Duke’s researchers test an FPGA chip to boost movements of robots

The speed of some robots like those that make picking of parts is amazing, however the movement to be done is simple. Once a robot must analyze its environment to achieve a complex manipulation, gestures become slow, agonizingly slow. Simply review the images of the DARPA Robotics Challenge to see how this torpor can be sometimes laughable. Researchers propose a new approach to speed up the movements of robots, a solution that relies on a FPGA chip.

The speed of the movements of the robot has been multiplied by a factor of 1 300 to 2 300!


The FPGA chips or programmable logic circuits allow to perform calculations in a way very effective, IE with very high performance for energy expenditure less than that of a conventional microprocessor. the approach in the field of high-performance computing, network equipment and could also interest the roboticists. Indeed, researchers at Duke University, in Durham, North Carolina has just published the results of their work. They wanted to harness the power of FPGA chip to help the robot to understand its environment. Indeed, the slowness of the movements of robots comes to the mass of calculations necessary for the robot to calculate its position and the movement he has to make to make the task expected of him without colliding with its environment. Performed by the means of a FPGA chip, this calculation of path sped 3 orders of magnitude for a reduced power consumption by a factor of 20. The calculation of the motion of a robot arm that must grab an object on a table to place it somewhere else is performed by software on a Xeon 4 hearts to 3.5 GHz in 815,000 microseconds or 756.000 microseconds, according to the chosen algorithm. This same calculation is processed by an FPGA chip in only 622 microseconds. To avoid obstacles, the calculation pass of 2.738.000 / 1.074.000 microseconds to 627 microseconds.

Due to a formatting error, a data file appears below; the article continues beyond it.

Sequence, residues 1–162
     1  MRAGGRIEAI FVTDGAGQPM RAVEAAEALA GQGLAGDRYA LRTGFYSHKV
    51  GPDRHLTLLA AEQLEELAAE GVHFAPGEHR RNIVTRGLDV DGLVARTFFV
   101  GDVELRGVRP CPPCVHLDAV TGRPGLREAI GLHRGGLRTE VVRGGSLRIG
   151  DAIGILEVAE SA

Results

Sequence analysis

Potentially, it will be possible to do better yet since the installation created by the researchers was a prototype not optimized. The available power can be used to analyze images of higher resolution without increasing the computing time. On the other hand, the device is very flexible. Any change made to the robot requires a reprogramming of the chip. The rest technique still has be improved, but robots will receive a major boost with the arrival of specialized chips.
Translation : Bing Translator
Source : “Robot Motion Planning on a Chip”, Duke Robotics / Duke University research paper

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